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“Well said!” interjected Philip. “I certainly should like to see Peisander the politician1 learning to turn somersaults among the knives; for, as it is now, his inability to look spears in the face makes him shrink even from joining the army.”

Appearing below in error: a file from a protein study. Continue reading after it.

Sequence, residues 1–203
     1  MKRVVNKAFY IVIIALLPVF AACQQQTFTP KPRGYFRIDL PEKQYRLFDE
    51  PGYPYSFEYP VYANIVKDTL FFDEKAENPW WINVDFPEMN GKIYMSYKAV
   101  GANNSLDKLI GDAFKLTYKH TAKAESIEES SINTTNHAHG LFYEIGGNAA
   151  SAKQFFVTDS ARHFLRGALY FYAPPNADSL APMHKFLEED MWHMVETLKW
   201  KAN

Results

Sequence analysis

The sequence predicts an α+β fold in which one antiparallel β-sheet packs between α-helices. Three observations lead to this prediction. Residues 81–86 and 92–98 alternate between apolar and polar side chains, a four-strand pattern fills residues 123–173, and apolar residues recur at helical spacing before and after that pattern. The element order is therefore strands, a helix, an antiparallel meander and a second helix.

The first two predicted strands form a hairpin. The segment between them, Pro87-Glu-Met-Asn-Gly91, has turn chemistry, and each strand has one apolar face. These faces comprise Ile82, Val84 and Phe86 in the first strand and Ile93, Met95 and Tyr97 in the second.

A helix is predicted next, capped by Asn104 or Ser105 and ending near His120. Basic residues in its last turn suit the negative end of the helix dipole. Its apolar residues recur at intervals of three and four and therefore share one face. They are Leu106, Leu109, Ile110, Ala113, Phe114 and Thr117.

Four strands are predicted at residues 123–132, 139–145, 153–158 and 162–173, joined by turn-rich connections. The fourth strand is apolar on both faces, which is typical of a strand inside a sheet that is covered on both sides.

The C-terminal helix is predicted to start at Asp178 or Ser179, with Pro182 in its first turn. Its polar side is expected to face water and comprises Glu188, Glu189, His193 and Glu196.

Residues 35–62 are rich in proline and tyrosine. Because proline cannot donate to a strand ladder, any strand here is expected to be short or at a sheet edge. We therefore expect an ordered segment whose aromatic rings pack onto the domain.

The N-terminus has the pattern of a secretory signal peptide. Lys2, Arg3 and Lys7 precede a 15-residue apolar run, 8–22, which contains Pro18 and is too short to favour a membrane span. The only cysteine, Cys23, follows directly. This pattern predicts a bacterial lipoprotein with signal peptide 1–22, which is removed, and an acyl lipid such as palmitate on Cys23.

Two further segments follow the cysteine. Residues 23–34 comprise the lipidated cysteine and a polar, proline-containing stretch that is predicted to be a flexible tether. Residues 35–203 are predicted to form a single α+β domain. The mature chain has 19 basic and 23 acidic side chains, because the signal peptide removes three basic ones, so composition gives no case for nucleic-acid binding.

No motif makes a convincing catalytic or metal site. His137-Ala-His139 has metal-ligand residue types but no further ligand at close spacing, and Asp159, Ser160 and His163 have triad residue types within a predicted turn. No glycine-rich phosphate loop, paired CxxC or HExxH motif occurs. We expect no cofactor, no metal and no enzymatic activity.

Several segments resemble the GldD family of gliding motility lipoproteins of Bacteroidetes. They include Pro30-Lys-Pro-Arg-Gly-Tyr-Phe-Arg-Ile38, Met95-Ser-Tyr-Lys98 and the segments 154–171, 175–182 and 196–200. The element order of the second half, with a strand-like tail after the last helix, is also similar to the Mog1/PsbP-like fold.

1 Peisander, a demagogue of some power in the unsettled times of the Peloponnesian War, had a number of weak points, especially his military record, which were exposed by the comic poets Eupolis, Hermippus, Plato, and Aristophanes. Cf. Aristoph. Birds 1553 ff.

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    • T. G. Tucker, Commentary on Thucydides: Book 8, 8.49
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